Khan Academy » Finance » Macroeconomics » How and why Greece would leave the Euro (part 3)

So that whole “inflate your way out of debt” thing I was talking about earlier? That would only work if Greece had its own currency — which it does not. In order to do that it would have to declare a “banking holiday,” which is far less relaxing than it sounds. A banking holiday would be a temporary shutdown of all of Greece’s banks to facilitate the transition from Euros to their new currency, probably a new form of the Drachma. They’d declare a conversion rate, convert all deposits into the new currency, and then reopen the banks and introduce the new currency into foreign exchange markets, where the value of the new currency would be dictated by the free market.

If you’ve got money in Greek banks, this could be terrifying for you. The conversion rate they set may be far higher than the actual value of the new currency, and as soon as the new currency hits the free market your savings could drop in value significantly. 

But it’ll probably happen. Austerity isn’t working, nobody likes it, and the rest of the Eurozone really doesn’t wanna be associated with Greece anymore. So they’ll probably move back to their own currency and inflate their way out of debt (along with a few cutbacks, but nothing quite as severe as what’s been done already). 

Good luck Europe.

Khan Academy » Finance » Macroeconomics » Greek Financial Crisis (part 2)

Something I wanna touch on that I think I forgot in the last post: Greece’s spending has been higher than it’s tax revenue for some years at this point. This means that their debt has been steadily (or not-so-steadily) increasing over this time period, and this was in part due to some shady accounting. What this does is lower investor’s trust in the country, and so they start demanding higher interest rates, thus increasing spending further (spending on interest payments) without actually increasing public services or anything meaningful.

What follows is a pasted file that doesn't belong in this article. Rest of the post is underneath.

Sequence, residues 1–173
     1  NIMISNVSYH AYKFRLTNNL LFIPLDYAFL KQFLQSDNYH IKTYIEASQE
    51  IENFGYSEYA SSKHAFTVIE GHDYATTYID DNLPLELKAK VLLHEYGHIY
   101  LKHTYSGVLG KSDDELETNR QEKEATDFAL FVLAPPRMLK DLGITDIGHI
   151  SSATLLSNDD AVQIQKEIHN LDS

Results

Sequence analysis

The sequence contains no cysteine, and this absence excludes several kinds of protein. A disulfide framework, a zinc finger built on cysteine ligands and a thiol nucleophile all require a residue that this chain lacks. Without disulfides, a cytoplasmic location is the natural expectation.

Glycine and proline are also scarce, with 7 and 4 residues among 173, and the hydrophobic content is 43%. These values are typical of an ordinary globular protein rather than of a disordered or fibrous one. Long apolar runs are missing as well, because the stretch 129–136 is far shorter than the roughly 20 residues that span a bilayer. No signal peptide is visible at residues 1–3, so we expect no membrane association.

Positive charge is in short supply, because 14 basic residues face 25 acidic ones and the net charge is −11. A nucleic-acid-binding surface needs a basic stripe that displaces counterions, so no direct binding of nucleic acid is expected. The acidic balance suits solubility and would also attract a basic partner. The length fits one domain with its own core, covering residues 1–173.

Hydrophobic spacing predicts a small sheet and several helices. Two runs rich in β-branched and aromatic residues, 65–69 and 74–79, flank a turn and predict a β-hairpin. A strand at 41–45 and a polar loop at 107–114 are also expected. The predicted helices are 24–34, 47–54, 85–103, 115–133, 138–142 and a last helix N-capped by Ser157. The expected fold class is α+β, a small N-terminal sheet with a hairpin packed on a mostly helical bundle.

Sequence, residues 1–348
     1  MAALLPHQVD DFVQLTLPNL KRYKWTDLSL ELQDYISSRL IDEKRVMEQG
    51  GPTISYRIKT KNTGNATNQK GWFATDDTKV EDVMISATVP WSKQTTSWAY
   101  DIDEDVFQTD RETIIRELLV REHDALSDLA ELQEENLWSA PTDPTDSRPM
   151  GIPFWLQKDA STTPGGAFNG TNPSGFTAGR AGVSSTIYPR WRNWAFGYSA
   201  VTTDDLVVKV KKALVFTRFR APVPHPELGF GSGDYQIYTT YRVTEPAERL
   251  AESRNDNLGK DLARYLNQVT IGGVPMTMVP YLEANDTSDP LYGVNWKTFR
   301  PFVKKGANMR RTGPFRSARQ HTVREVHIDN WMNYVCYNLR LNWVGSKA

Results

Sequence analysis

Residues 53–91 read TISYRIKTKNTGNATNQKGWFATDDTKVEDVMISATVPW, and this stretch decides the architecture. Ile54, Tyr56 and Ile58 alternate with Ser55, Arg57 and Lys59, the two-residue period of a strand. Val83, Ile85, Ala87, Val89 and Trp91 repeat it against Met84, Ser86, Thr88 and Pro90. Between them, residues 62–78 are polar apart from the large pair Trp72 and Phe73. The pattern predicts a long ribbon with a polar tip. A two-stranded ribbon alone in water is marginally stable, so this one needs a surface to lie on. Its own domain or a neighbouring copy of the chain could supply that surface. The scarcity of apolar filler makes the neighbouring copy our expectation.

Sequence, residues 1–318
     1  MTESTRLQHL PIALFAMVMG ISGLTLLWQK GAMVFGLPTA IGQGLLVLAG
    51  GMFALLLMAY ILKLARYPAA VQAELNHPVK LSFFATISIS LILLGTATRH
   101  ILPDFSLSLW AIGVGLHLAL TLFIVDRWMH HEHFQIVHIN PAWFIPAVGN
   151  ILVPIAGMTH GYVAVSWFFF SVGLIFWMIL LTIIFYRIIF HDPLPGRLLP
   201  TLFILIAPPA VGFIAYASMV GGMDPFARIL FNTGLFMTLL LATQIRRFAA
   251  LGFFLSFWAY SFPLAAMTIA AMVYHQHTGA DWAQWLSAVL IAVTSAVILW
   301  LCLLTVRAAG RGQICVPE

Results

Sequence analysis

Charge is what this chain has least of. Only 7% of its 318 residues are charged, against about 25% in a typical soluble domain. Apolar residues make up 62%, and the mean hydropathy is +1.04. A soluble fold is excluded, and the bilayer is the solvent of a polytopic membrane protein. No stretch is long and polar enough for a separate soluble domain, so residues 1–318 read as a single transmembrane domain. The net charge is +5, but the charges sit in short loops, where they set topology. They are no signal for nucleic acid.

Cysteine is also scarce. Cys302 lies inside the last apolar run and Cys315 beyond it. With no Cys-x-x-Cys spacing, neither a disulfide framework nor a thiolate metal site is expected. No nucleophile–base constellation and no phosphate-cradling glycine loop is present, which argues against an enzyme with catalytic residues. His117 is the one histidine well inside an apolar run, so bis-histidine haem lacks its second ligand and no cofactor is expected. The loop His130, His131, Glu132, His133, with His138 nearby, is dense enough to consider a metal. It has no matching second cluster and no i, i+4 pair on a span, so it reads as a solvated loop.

Now we’ve gone over why austerity seems like such a bad idea (slows down the economy, reduces tax revenue, and it’s politically unpopular (to put it lightly)). So what do you do then? 

Well, one idea is to inflate your way out of debt. Print more cash, put it into circulation, nominal GDP increases proportionally to inflation, but debt and entitlement obligations stay constant — they do not increase with inflation! So you can literally inflate your way out of debt. Sure you’re still cutting people’s pensions in half in terms of buying power, but it’s much more politically stable to inflate away people’s buying power than to literally cut their pensions. 

That’s the logic anyway. I kinda think it’s bullshit because you’re doing the same exact thing, but there’s truth to it. People aren’t rational. And the economy is largely a function of the masses’ confidence. So you have to play the game according to those rules. 

We’ll see how it goes.

Khan Academy » Finance » Macroeconomics » Greek Debt Recession and Austerity (part 1)

So I’m a little late watching these videos, but they’re at the end of the Macroeconomics playlist; what was I supposed to do?

Anyways, Greece is majorly fucked. Their debt-to-GDP ratio is horrendous, with debt overshadowing GDP by 165%. Their GDP has been shrinking the last several years. Things are looking pretty bad.

So what’s the solution? Austerity! Austerity, derived from austere (just meaning minimalist, cut back to the bones; almost spartan), in economic terms is essentially just cutting spending. Cut education, cut garbage collection, cut water and gas and public services!

Okay, so if you haven’t figured it out by now, austerity is not actually effective at helping Greece climb out of this crisis. The thing about austerity is that when you cut spending like that, you can actually slow the growth of the economy — fewer services are provided for people to take advantage of, money circulates more slowly (as in any recession), but most importantly people are less wealthy and thus tax revenue decreases also.

So now you’re spending less, sure, but at the expense of critical public services (there are literally bags of trash on the streets of Greece right now) AND you’re making less revenue from taxes because unemployment is skyrocketing and people have no money.

So the cycle continues.

motherjones:

buzzfeed:

Just tried this and it did NOT help.

Killer cover.

I don’t know if my healthcare will cover this treatment.

motherjones:

buzzfeed:

Just tried this and it did NOT help.

Killer cover.

I don’t know if my healthcare will cover this treatment.

(via randomactsofchaos)